In the situation that emerged with the China-Taiwan crisis, many countries, especially the US, mobilized to announce chip investment programs of $446 billion in order avoid the impact of possible chip supply problems and to be able to produce the necessary chips for their industries themselves by the end of 2023. The European Chips Act, passed by the European Commission last February, aims to support semiconductor research and development within the EU and reduce Europe's dependence on chips purchased from other countries.
According to the plan, which envisages an initial investment of $11 billion, private and public investments will reach $45 billion by 2030. As will be recalled, one of the sectors that was first affected by the chip crisis that emerged after the pandemic was the automotive industry. Germany, where automotive production constitutes a significant part in its industrial sector, also incentivized investment to become independent in chip production. German Minister of Economic Affairs and Climate Action Robert Habeck explained that Germany's chip investments by saying: "We want to strengthen chip production in Germany and Europe in order to become less dependent on international supply chains." The US also plans to support chip production with funds totaling $52 billion.
Global dependence in agriculture, health fields
The situation is not much different in agriculture, another vital area for the world. Dependence on a few countries in both grain and raw materials for fertilizer is pushing the world towards a food crisis. In the situation that emerged with the Russia-Ukraine war, we faced the fact that the world is dependent on several countries for basic grain products. Five nations hold the lion's share in world wheat, soybean, sunflower, and corn output. Ukraine and Russia together produce 15% of the world's wheat and 60% of the world's sunflower oil. Also, Canada, Russia, and Belarus rank among the top three global potassium producers. The price increase in potassium, the main raw material for fertilizer production, directly affects food costs, and due to this dependency, fertilizer prices have tripled in 2022 compared to last year. Many of the countries facing food shortage in the world are dependent on Russia and Ukraine for grain and oil. Lebanon gets 90% of its grain from Russia.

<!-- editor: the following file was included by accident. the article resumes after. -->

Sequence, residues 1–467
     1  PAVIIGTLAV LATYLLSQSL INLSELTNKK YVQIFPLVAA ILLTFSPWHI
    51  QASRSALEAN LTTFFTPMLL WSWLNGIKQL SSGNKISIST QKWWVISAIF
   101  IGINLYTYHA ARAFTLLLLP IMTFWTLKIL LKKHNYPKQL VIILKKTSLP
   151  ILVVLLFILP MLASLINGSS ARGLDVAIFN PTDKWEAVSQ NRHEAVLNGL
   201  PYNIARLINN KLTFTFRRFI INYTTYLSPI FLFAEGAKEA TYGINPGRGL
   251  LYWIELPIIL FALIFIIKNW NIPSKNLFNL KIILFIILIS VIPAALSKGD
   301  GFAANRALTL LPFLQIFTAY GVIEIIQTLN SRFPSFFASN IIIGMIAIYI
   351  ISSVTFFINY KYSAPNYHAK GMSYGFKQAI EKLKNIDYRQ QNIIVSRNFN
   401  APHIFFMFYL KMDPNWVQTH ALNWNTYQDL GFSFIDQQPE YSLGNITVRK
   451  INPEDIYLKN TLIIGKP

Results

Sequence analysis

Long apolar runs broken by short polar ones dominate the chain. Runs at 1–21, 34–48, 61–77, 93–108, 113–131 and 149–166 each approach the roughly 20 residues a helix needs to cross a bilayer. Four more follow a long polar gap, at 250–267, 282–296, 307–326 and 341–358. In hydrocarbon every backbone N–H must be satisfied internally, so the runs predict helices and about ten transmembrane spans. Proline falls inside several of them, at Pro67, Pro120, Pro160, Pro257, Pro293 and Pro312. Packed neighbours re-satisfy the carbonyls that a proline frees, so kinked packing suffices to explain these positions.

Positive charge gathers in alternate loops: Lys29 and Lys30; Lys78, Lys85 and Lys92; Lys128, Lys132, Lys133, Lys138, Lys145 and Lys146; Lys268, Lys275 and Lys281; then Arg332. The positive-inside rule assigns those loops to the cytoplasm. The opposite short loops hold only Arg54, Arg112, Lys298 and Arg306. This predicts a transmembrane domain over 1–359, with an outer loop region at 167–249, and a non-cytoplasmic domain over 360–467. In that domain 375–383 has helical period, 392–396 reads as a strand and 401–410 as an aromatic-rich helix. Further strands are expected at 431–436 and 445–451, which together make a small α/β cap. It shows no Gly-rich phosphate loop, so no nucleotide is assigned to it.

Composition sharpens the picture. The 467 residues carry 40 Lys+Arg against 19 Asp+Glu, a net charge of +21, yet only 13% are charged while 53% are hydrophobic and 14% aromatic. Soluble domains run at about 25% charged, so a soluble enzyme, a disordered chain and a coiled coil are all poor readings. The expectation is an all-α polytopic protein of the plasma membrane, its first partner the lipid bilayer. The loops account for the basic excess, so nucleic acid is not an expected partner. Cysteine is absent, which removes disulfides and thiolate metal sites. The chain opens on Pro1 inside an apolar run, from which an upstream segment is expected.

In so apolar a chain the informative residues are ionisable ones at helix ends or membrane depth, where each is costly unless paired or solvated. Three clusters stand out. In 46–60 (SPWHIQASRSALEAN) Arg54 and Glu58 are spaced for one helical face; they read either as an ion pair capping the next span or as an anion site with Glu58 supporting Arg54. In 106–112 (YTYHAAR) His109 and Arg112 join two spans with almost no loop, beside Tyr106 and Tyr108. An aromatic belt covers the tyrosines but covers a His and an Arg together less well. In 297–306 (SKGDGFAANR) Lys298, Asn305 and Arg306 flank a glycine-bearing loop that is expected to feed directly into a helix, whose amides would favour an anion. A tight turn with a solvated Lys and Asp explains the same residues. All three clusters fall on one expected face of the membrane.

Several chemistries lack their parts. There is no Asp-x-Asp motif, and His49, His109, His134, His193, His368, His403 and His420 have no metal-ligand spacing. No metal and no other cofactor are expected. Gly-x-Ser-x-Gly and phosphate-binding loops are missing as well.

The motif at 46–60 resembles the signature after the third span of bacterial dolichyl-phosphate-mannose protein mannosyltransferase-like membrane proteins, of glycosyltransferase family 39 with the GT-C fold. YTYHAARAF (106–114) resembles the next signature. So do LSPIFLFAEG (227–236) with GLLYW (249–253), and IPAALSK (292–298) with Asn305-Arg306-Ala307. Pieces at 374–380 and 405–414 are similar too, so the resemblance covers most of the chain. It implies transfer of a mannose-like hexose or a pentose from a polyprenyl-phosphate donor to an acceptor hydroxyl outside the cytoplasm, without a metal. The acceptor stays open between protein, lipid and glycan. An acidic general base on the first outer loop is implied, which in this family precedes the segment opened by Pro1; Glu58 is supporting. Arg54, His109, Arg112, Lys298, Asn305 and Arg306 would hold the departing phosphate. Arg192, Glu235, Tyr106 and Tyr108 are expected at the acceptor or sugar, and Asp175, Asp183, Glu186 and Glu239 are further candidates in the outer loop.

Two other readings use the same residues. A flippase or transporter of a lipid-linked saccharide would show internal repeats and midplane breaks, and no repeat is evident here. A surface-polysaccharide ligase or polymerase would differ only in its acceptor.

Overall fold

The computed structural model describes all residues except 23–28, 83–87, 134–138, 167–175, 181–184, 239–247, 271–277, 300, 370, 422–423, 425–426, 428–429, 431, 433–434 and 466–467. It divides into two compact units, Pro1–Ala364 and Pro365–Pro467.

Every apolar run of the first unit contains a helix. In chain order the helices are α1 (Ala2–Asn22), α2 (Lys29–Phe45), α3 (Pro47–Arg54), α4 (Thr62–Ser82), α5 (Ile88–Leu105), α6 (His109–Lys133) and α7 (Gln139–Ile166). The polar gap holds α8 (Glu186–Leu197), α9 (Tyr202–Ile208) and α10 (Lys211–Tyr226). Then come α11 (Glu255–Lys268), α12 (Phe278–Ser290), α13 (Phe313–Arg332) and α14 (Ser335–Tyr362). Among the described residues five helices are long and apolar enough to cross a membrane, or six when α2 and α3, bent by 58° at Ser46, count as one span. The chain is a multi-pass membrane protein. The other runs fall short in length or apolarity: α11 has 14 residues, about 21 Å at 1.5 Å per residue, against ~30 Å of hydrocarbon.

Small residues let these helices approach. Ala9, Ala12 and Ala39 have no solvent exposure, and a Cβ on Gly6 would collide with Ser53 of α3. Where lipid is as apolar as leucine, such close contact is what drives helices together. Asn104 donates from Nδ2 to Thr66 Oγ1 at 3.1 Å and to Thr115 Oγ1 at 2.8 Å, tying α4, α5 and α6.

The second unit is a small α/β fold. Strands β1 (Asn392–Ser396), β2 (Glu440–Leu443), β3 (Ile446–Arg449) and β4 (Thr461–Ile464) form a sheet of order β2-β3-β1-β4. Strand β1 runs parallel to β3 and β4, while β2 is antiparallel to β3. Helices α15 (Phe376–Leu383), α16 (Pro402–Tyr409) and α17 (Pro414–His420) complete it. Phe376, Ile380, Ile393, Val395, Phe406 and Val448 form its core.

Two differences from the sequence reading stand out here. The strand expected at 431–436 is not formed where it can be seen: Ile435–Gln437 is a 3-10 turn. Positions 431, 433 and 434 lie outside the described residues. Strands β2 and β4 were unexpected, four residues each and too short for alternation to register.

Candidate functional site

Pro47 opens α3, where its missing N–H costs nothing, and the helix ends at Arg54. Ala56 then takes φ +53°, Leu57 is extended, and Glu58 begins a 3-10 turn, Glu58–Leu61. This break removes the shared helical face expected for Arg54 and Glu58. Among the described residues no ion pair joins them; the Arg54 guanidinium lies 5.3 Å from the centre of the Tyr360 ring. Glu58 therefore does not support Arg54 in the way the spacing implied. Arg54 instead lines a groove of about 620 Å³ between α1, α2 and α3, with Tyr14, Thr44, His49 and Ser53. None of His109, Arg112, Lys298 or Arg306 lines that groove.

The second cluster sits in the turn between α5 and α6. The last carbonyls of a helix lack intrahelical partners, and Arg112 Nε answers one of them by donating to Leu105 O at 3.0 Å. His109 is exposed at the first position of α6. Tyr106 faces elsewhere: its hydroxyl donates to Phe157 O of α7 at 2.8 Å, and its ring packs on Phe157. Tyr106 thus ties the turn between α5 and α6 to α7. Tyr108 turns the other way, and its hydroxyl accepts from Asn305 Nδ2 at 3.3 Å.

Another dependence painfully experienced in the world during the coronavirus pandemic was in the field of health. In what was a tragicomic situation, developed countries that had shifted their textile production to Asia were unable to produce masks when there was a sudden need, despite it not requiring high technology. Vaccine development efforts, which required huge research budgets and know-how, were also used for political purposes among developed countries when needed.
Over the last 50 years, we have witnessed many times how countries that produce oil and its derivatives used this dependency when the occasion arose. It is precisely this one-sided dependency that underlies the attitudes towards Russia of these European states, which have been unable to go beyond condemnation amid the Russia-Ukraine crisis. To be rid of this dependency, European countries are trying to switch to renewable energy sources, but they need at least 10 years for this.
In attempts to capture castles or cities in past eras, efforts were made to cut them off from water sources. It has been bitterly experienced in the last few years that in the 21st century's globalized and economically interdependent world, countries seeking to realize their ambitions do not hesitate to use strategically important products for their own interests, even if it is to the detriment of humanity.
In the coming years, we will continue to see plans and investments to reduce the dependency of "developed countries" in their strategic plans, even if these are not profitable in the short term, to produce some products on their own or to guarantee their supply. While countries that are "developed" or have the means will be able to make these investments, the dependency of those that do not will continue on an increasing basis.
AA/Dr. Huseyin H. Nuroglu